What is the etymology of giving [it] the old college try? In particular, is it referencing an old ritual that might have percolated amongst alumni of the old and prestigious New England colleges/universities? I tried Googling, but I'm not really finding an authoritative source at the moment. If nothing definitive can be found, I'd at least appreciate a date of first attestation.
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I found this link (at the bottom of the page) that might be helpful. Attestation in 1919 about a baseball player:
Frankie Frisch played baseball in college at Fordham University. He's a Hall of Famer whose nicknames are "The Fordham Flash" and "The Old Flash." He left college to make his major league debut with the NY Giants in June 1919, and the article was written in October 1919, so my best guess is that the author was giving a nod to Frisch's educational background — sort of a "he's playing with as much heart and determination as he did in college."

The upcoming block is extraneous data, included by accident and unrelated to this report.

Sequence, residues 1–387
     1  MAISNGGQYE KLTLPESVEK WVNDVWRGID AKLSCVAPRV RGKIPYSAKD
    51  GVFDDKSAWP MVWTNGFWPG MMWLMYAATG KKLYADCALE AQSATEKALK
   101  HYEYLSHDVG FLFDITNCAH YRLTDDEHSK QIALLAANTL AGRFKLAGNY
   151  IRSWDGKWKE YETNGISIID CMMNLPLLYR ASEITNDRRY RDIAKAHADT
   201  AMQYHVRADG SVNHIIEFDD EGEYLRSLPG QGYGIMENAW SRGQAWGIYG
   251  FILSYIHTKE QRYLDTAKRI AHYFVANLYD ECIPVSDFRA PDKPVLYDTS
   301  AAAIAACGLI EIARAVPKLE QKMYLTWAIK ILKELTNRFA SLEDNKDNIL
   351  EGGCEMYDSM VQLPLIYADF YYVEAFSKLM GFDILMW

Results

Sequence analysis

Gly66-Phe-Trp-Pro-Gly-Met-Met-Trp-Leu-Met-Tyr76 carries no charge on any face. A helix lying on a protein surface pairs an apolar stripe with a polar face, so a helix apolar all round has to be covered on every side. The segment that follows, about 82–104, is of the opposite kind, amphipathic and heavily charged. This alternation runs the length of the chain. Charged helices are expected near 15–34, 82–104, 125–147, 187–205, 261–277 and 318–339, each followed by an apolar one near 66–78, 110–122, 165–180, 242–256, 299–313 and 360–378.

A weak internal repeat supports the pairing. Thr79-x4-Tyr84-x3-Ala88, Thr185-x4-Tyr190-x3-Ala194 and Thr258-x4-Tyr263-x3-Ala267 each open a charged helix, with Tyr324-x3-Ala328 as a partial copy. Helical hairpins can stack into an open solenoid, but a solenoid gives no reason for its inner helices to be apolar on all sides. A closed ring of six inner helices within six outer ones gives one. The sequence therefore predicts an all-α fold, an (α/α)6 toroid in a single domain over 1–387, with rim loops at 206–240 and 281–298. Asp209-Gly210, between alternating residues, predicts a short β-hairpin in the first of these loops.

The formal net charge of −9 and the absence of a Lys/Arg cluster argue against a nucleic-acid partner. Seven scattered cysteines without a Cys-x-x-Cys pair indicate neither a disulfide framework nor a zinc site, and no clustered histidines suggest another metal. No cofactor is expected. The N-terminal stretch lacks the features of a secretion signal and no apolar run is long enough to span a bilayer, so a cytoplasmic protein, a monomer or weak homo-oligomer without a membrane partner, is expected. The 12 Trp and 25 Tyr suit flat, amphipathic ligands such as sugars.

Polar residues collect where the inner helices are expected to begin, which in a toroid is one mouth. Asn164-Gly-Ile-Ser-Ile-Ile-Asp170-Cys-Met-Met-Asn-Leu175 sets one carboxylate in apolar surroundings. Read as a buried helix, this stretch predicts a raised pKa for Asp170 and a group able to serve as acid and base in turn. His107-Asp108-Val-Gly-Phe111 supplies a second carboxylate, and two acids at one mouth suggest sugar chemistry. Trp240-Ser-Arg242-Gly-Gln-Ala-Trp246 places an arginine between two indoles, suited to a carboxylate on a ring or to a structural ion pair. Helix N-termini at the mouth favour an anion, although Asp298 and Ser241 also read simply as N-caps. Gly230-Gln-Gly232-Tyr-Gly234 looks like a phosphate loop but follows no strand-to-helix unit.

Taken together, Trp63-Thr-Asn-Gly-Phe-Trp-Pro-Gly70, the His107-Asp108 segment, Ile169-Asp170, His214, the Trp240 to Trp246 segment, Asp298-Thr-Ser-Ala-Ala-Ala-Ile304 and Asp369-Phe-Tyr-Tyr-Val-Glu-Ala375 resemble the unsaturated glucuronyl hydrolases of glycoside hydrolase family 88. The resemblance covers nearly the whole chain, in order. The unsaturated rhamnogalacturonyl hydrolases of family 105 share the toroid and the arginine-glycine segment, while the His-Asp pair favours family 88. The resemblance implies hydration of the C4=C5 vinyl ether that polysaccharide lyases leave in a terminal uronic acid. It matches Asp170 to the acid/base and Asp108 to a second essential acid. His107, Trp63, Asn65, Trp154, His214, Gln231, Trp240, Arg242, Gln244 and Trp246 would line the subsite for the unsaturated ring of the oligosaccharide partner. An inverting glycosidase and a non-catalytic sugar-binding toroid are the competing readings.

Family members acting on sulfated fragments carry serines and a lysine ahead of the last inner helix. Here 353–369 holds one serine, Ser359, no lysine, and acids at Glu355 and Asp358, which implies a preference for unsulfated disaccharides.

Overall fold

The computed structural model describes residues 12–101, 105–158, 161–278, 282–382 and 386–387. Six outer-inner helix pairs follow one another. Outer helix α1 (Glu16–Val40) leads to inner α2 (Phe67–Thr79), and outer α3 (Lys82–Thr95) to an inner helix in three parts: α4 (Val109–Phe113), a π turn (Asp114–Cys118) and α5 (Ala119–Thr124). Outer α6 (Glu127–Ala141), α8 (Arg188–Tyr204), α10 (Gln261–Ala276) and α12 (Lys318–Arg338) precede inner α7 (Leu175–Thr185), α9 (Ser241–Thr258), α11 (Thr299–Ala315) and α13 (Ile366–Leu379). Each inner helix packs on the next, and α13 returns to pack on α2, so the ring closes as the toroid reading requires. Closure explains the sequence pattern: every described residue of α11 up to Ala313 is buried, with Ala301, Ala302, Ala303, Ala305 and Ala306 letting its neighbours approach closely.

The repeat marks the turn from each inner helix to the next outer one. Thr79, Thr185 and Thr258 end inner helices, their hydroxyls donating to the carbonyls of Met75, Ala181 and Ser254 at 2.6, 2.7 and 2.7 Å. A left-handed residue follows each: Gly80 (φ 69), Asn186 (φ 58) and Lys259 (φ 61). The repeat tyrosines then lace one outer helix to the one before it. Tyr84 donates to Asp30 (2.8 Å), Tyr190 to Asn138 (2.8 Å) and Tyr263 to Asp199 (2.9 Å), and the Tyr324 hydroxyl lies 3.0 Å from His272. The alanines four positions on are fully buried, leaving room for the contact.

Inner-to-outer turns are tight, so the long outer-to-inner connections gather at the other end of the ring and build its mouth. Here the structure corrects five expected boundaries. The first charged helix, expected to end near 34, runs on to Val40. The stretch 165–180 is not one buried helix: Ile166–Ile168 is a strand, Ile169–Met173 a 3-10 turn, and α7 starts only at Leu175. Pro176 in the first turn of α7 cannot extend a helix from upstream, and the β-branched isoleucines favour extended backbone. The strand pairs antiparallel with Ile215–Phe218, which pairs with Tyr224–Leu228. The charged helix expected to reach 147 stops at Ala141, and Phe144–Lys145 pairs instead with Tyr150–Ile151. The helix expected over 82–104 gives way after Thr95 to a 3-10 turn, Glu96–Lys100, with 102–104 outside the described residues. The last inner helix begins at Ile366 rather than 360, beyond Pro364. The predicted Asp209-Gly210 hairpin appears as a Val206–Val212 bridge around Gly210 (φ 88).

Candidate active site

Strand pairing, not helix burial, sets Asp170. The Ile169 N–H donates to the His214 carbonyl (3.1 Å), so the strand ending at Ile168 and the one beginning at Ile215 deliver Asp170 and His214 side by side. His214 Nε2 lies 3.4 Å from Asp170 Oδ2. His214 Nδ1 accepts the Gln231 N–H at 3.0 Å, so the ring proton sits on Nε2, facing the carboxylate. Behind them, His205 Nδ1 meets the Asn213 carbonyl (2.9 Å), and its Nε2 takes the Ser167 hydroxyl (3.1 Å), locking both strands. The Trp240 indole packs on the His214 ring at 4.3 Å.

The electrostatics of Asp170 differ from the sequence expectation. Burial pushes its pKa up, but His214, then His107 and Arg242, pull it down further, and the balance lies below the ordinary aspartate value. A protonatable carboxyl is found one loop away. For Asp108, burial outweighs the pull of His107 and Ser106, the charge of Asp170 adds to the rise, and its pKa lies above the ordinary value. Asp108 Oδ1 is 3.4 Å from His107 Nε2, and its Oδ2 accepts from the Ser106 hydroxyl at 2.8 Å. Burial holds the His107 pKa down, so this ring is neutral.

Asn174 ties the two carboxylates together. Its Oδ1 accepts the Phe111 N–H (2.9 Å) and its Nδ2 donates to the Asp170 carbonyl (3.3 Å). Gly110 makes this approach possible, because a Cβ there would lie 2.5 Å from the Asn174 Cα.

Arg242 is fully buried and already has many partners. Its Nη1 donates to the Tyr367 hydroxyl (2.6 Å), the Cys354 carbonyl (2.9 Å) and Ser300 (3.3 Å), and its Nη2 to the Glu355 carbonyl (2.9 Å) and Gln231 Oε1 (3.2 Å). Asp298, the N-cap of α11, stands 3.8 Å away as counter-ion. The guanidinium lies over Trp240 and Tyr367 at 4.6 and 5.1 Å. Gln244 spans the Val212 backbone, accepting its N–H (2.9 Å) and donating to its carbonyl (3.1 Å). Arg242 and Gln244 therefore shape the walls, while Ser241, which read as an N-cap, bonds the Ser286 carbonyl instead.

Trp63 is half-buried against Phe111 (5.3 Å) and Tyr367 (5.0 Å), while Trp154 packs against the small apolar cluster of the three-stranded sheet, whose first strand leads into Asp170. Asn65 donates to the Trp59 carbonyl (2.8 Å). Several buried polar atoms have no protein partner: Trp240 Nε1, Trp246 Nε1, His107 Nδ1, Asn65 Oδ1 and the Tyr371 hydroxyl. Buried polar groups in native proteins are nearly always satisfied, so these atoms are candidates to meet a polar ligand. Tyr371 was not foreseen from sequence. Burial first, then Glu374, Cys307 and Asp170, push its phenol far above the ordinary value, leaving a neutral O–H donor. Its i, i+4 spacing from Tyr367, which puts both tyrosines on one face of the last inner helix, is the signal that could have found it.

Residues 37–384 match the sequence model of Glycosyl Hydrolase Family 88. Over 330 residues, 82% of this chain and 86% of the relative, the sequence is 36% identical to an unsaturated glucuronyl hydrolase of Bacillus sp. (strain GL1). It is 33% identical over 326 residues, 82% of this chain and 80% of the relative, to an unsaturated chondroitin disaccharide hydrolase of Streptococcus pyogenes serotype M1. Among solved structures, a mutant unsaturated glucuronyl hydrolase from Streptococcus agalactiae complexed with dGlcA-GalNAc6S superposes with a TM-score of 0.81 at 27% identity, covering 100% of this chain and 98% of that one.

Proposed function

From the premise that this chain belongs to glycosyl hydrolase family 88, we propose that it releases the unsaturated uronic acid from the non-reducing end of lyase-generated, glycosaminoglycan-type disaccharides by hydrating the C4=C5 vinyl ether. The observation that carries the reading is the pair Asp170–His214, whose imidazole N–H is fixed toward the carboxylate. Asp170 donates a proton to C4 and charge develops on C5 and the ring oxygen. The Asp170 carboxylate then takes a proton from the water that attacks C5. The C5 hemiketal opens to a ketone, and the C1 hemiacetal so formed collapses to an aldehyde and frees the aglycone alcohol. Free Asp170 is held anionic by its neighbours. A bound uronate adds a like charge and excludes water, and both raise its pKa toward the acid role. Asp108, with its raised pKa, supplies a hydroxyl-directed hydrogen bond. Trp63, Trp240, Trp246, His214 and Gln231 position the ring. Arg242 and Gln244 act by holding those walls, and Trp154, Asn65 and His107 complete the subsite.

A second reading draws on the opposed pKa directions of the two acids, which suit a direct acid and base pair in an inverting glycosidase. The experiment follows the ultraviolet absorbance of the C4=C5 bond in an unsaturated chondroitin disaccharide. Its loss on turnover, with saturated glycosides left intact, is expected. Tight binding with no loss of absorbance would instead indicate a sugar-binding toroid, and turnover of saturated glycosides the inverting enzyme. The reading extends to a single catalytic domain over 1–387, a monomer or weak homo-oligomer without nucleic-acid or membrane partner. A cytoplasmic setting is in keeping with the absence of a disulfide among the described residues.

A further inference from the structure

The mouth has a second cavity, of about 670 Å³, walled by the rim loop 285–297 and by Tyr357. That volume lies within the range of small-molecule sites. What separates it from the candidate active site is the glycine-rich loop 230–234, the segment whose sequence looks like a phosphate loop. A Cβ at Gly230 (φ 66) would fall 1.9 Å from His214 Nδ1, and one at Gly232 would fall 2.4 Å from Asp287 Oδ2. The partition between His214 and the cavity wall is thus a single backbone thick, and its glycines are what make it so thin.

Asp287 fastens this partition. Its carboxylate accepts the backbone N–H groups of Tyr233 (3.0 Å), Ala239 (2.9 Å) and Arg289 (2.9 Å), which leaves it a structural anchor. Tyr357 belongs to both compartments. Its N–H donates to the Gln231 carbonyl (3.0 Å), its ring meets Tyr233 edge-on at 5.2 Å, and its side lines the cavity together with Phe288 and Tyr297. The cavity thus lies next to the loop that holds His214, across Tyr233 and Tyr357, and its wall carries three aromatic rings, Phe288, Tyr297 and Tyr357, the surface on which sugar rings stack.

Given the popularity of baseball and the exceptional talent of this player, it would not surprise me if that's the reason this phrase became popular. Compare for instance "Win just one for the Gipper," which occurred around the same time period.
Here's a citation from 1917:
courtesy of a wordorigins discussion of this very question:
For more background on the use of the phrase, including some connotations I wasn't aware of, I offer the following entry in Paul Dickson's The Dickson Baseball Dictionary:
In college, you are faced with impossible situations in which you are expected to succeed. For example, having multiple exams and papers due at the same time, and being scheduled to work many hours at your college job.
When something seems impossible to do, but you do it anyways because you have no choice, you "Give it the old college try."
(Supporting edit by FumbleFingers, from Merriam-Webster...)
protected by tchrist Jun 10 '14 at 19:58
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